The amount of times statements are preceded by ‘could have’ ‘suggests’, ‘estimates’, ‘likely’, etc. is an immediate trigger for concern. There’s nothing actually concrete in the paper. There is a hypothetical link between, er, biomethane production and global warming (it’s happening right now, actually – see cows), but there’s a way to approach this hypothesis: with scientific rigour.

The initial research concept is flawed. As most people know, dinosaurs consist of three major lineages: the herbivorous sauropodomorphs, the mostly-hypercarnivorous theropods, and the herbivorous ornithischians. So when looking at the methane output of herbivores, and you exclude a major group, just because they weren’t as big, you’re making a pretty big mistake. Especially when you consider the biological assumptions that were made regarding sauropods (they had digestive systems similar to modern ruminant herbivores) are actually more likely to have been applicable to ornithischians.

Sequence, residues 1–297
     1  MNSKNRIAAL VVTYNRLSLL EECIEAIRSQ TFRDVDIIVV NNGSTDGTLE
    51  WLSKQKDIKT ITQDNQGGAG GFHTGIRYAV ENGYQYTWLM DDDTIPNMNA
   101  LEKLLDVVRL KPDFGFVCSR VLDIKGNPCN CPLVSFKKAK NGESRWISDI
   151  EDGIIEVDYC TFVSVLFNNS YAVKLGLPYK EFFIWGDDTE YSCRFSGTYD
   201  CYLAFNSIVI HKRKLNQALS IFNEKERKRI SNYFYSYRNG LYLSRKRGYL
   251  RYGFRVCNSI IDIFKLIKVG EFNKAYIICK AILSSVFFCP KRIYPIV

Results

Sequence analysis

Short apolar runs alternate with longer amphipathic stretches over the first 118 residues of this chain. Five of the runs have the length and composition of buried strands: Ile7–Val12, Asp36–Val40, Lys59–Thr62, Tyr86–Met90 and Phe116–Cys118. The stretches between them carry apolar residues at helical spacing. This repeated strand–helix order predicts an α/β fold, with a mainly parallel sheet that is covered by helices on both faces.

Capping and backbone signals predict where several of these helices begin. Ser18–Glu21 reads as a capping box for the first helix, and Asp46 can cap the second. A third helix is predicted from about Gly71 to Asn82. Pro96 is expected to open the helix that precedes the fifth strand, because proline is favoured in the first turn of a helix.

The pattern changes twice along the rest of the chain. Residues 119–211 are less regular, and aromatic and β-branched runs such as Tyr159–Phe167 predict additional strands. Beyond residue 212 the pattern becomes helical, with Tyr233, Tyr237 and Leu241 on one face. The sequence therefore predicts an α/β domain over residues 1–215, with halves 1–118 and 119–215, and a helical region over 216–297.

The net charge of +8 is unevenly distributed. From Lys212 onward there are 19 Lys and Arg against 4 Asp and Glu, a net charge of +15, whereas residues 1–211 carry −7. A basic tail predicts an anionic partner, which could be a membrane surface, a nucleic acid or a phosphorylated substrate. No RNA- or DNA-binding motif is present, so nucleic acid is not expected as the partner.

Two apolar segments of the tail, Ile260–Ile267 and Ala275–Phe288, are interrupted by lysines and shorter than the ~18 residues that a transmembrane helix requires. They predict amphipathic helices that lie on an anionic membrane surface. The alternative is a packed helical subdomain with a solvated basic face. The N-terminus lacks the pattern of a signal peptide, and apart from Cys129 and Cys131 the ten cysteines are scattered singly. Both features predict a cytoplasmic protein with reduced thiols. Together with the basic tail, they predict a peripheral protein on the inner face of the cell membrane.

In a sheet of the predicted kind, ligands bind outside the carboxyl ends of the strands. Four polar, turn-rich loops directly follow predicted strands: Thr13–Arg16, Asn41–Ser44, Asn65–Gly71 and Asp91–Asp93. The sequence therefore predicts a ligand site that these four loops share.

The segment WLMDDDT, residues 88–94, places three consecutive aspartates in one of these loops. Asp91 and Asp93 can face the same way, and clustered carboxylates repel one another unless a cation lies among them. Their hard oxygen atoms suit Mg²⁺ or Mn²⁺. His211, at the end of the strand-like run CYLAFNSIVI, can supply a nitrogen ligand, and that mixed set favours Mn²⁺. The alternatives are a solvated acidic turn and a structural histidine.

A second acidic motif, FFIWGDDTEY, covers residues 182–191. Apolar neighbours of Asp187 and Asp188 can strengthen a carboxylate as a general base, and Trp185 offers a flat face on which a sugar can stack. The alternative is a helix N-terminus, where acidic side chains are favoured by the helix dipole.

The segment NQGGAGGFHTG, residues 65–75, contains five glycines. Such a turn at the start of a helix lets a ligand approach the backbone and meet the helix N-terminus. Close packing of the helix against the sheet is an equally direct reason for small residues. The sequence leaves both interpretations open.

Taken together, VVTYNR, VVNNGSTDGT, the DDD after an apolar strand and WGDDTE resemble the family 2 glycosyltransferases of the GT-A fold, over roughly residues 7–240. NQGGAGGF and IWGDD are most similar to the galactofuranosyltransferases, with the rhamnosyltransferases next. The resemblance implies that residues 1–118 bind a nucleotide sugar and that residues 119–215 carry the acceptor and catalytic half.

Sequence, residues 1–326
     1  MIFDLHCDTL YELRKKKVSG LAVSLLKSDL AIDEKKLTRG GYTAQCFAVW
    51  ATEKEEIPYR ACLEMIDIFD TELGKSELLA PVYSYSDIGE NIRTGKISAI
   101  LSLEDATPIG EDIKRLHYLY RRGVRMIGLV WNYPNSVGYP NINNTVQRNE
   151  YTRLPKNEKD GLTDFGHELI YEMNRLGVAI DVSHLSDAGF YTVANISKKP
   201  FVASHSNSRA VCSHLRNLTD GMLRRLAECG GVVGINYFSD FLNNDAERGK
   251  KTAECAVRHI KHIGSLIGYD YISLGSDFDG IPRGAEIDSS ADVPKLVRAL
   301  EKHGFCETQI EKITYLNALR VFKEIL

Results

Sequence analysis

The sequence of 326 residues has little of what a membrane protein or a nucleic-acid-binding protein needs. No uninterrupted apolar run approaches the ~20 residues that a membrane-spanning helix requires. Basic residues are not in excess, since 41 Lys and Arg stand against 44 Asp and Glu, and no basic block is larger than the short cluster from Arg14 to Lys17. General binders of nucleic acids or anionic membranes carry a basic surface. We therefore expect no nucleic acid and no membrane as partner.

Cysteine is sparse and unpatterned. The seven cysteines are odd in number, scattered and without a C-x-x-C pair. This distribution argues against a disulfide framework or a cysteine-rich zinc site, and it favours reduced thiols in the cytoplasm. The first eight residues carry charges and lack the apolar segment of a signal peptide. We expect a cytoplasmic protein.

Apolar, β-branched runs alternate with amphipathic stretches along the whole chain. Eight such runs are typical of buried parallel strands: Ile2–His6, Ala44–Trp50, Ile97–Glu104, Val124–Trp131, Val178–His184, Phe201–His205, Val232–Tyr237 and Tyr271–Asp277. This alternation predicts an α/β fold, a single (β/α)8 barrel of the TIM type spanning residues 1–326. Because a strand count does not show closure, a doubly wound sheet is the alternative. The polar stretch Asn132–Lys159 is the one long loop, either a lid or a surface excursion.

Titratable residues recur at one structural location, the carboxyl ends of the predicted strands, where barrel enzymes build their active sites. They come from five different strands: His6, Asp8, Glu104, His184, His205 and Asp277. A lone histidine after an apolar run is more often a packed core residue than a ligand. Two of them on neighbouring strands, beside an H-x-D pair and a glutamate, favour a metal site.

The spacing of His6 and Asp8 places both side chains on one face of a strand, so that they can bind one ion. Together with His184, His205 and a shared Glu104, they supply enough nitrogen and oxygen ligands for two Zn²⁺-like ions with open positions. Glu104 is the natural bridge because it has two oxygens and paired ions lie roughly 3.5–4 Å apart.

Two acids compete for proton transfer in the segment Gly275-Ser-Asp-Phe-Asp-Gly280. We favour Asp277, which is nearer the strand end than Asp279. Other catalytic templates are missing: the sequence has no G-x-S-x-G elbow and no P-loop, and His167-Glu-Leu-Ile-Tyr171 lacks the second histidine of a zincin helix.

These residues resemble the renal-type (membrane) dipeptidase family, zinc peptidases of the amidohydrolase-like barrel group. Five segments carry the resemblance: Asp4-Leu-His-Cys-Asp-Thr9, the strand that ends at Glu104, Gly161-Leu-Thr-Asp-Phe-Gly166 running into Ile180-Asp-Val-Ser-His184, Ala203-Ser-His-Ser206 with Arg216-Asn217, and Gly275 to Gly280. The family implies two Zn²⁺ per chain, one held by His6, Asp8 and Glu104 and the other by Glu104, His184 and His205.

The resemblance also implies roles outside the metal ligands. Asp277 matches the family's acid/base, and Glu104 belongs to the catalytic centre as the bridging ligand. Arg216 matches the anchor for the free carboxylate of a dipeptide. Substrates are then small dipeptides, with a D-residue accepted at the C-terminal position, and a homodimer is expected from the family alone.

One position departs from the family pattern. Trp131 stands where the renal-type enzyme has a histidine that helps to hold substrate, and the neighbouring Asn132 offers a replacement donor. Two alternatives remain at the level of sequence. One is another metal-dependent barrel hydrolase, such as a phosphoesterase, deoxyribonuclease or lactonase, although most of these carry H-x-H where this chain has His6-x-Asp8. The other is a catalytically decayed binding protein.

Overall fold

The methods applied were pretty naff too. The calculations are ridden with assumptions, and grossly oversimplify what intrinsically requires a more detailed study. Sauropod biomass is based on raw specimen estimates, based purely on the Upper Jurassic Morrison  Formation. Well known as a dinosaur ‘graveyard’, containing near-unparalleled quantities of dinosaur bones, this is pretty much the worst proxy that could have been used. Considering that sauropod diversity patterns are quite well established, this would have been a far more accurate proxy to use.

The next bit made me cringe. Sauropods were pretty frickin’ huge. So when estimating methane outputs based on modern organisms, you use at least something that’s vaguely comparable, right? Nope. You use guinea pigs, rabbits, and tortoises. I shit you not, these are the ecological analogues used in terms of fart-volume, or whatever you want to call it. The assumption is made that because the outputs are similar between these three, it holds true for every organism in the animal kingdom, ever. Methane emissions are assumed therefore to be insensitive to body mass, and also every other digestive parameter out there. As well as this theory of “evolution” (heard of it?).